addition, only 10% of surgical patients were worse at this late follow-up, as opposed to 42% of those not receiving surgery. Although risky, surgery is therefore justified in these cases.6 Gross and colleagues performed a systematic review of 78 studies that looked at CCM of the brainstem. Of the 745 cases examined, 683 (92%) of the cavernomas were completely resected. Although early postoperative morbidity rates ranged from 29% to 67%, it was often temporary. Of the 683 patients who received surgery, 85% had clinical improvement, 14% had deterioration of their symptoms, and 1.9% died as a result of complications related to surgery.32 These results suggest that, although risky, surgery benefits a majority of patients and might therefore be justified in carefully selected symptomatic patients. Chen and coworkers, in their experience with 57 brainstem cavernomas undergoing surgery, demonstrated good patient selection and surgical planning as central to obtaining excellent outcomes with these difficult lesions. They were able to obtain complete recovery of preoperative motor deficits in up to 70% of cases and cranial nerve recovery rates in 20% to 80% of cases.33 Supratentorial lesions are reported to have a lower hemorrhage rate34 (see Table 21.1). Although infrequent, however, overt hemorrhages might occur. In these situations, patients are usually taken to surgery based on their rate of neurologic decline as well as the foreseeable consequences of mass effect from the bleed. Blood may interfere with the ability to visualize the cavernoma on imaging, in which case surgery may be deferred if the patient does not require immediate surgical decompression. In all other cases, two options can be considered. In the first, the patient can undergo elective exploratory surgery soon after the event, especially when the clot is subacute and thus soft. Otherwise, the patient can be managed expectantly until the diagnosis is confirmed. More commonly, though, lesions in this location are associated with seizures. Antiepileptic drugs have traditionally been the initial management strategy for such patients, with surgery being considered for patients with seizures that are refractory to medication or that intensify during pharmacologic treatment. Using this treatment approach, 65% of the 168 patients with supratentorial lesions in one study were free from their disabling seizures 3 years after surgery, with half of them remaining seizure free for this entire period.35 A few other studies suggest that this outcome can be improved with earlier surgical intervention. In one study, 100% of patients who had developed epilepsy within 2 months of surgery were completely free of seizures postoperatively. Patients who waited between 2 and 12 months and greater than 12 months after the onset of epilepsy to undergo surgery had seizure control rates of 76% and 52%, respectively.36 Regardless of when surgery is done, outcomes are usually good. For patients with solitary, superficial supratentorial CCM, the risks of surgical resection of cavernomas outside highly eloquent areas are only slightly higher than those of general anesthesia in trained hands. Furthermore, in the study of 168 patients discussed previously, which is one of the largest studies of supratentorial cavernomas, no deaths occurred, and mild postoperative neurologic deficits were seen in only 12 patients.35 Englot and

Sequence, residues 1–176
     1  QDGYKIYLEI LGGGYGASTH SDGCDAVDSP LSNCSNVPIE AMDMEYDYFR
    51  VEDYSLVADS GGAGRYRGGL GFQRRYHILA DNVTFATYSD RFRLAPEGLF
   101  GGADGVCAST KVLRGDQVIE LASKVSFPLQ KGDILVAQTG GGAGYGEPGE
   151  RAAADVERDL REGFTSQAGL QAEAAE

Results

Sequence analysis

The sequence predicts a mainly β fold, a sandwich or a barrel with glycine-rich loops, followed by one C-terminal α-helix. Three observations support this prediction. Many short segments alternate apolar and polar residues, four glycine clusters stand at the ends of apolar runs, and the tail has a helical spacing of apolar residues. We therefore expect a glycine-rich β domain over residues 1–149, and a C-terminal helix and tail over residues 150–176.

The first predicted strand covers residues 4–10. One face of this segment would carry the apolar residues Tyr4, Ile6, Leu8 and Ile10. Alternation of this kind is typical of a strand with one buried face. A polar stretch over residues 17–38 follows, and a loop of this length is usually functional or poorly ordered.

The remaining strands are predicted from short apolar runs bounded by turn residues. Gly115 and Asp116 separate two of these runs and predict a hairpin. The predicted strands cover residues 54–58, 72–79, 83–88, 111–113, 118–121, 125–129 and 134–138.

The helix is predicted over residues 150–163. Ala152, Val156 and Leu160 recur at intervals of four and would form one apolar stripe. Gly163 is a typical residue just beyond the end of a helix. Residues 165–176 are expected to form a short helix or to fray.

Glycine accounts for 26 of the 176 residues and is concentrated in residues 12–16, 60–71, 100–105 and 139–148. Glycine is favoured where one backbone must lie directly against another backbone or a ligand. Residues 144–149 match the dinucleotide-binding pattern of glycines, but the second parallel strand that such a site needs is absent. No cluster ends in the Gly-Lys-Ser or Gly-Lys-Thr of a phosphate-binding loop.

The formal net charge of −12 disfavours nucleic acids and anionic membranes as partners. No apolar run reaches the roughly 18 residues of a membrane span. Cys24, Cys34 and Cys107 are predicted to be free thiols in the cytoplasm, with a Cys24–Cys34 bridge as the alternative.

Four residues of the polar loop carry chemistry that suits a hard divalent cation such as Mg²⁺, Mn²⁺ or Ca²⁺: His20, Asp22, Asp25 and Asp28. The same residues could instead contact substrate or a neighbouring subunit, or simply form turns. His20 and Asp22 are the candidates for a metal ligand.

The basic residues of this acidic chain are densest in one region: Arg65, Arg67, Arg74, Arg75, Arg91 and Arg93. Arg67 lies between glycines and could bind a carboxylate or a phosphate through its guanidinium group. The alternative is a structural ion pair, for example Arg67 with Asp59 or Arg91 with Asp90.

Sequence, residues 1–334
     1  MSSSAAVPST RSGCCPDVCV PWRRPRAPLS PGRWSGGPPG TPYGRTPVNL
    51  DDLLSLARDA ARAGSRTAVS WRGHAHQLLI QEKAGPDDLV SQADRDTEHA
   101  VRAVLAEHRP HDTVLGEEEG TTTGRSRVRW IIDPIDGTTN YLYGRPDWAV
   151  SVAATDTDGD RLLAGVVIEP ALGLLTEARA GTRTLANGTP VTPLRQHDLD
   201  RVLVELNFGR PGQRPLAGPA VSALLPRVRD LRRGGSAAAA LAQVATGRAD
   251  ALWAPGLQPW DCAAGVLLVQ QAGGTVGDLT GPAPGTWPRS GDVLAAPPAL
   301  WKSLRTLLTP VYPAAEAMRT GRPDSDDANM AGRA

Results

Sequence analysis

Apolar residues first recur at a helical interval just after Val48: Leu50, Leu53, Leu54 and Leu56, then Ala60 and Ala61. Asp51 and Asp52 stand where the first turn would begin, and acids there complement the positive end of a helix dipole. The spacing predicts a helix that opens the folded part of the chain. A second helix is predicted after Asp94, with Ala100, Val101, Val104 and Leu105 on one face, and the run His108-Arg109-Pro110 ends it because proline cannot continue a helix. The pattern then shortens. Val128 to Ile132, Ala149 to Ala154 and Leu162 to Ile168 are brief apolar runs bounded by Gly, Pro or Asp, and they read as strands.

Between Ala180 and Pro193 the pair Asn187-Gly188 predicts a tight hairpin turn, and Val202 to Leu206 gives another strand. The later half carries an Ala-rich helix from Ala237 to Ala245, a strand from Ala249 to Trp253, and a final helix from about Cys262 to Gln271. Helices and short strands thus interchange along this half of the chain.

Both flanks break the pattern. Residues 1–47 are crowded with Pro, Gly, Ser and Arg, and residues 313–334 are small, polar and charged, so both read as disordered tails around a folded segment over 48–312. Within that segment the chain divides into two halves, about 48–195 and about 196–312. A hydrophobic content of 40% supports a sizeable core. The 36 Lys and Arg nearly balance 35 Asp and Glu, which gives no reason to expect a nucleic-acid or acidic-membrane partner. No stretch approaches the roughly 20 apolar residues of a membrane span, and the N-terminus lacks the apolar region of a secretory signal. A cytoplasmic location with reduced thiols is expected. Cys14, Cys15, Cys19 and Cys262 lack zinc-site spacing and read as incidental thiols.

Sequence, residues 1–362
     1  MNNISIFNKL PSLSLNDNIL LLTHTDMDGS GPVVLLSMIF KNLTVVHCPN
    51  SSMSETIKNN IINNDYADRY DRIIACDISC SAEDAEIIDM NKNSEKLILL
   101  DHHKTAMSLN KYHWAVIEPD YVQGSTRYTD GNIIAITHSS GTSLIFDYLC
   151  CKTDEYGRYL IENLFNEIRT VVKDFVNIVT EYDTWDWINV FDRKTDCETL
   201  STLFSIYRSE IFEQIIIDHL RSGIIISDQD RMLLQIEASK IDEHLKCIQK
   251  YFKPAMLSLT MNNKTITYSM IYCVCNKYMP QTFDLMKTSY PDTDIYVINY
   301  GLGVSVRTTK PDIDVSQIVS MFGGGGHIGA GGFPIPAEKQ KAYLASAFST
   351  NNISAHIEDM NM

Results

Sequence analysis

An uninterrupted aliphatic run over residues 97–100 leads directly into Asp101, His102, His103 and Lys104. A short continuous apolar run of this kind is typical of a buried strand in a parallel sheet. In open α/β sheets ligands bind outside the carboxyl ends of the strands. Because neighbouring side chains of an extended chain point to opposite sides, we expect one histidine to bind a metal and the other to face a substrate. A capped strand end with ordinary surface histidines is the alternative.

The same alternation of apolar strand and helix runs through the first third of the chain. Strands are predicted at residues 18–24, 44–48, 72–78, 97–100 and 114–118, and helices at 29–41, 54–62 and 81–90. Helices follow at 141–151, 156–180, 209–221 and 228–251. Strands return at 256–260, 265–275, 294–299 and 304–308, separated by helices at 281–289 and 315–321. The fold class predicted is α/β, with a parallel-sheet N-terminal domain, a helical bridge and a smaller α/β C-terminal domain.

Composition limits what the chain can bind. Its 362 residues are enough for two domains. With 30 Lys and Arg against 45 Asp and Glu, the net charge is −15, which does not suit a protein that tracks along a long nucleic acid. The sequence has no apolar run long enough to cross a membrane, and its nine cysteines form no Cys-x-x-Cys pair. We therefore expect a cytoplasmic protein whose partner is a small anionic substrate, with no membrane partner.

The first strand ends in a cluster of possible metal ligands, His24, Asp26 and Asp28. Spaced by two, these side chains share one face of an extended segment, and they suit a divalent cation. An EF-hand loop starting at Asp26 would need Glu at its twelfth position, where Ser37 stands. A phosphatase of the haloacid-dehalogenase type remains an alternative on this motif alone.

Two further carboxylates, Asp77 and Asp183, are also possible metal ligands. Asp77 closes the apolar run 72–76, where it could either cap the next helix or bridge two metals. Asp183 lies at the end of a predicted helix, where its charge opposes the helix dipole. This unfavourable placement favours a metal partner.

associates, in their systematic review, found gross total resection and surgery within a year of seizure onset as the key predictors of seizure freedom after cavernoma surgery.19 Another factor to consider when operating on patients with seizures is whether or not to resect any gliotic or hemosiderinstained tissue surrounding the lesion. Although some studies report complete resolution of seizure activity with pure lesionectomies, others report a higher rate of seizure control with removal of additional elements surrounding the lesion. In a study of 31 patients, 64% of the 14 who underwent excision of the hemosiderin ring in addition to a lesionectomy were categorized as Engel class I (free of disabling seizures) 1 year later. Only 53% of patients who had undergone either a lesionectomy or a lesionectomy plus partial removal of the hemosiderin ring fell into this category. Fifty-nine percent and 46%, respectively, were still in this group 3 years postoperatively37 (Fig. 15.2). Another study had similar results, with 77.8% of patients being classified as Engel type Ia (free of all seizures) after a complete lesionectomy plus hemosiderin ring resection compared to 65.7% of those in the lesionectomy-only group, but the additional benefit of the hemosiderin ring resection was only seen in a subset of patients who received surgery within 2 years of their seizure onset38 (Table 21.2). Although most CCMs are located in the brain, intramedullary spinal cavernomas account for 3% to 5% of lesions.39–41 These cavernomas can occur alone or in combination with cerebral lesions. Lesions are typically located in the thoracic cord, with cervical cavernomas being the second most common, and lumbar or conus rare. Spinal CCMs usually present with a slowly progressive myelopathy causing deficits in sensation, motor skills, or both.42 Acute presentations of focal neurologic deficits can also occur as a result of hematomyelia, intralesional hemorrhage, and cord compression.43 Although symptoms resulting from acute presentations often resolve spontaneously, those resulting from chronic myelopathy frequently do not improve even after surgery. Surgery will stop the progression of myelopathy, though, and therefore is warranted in symptomatic patients. In a chart review of 26 patients receiving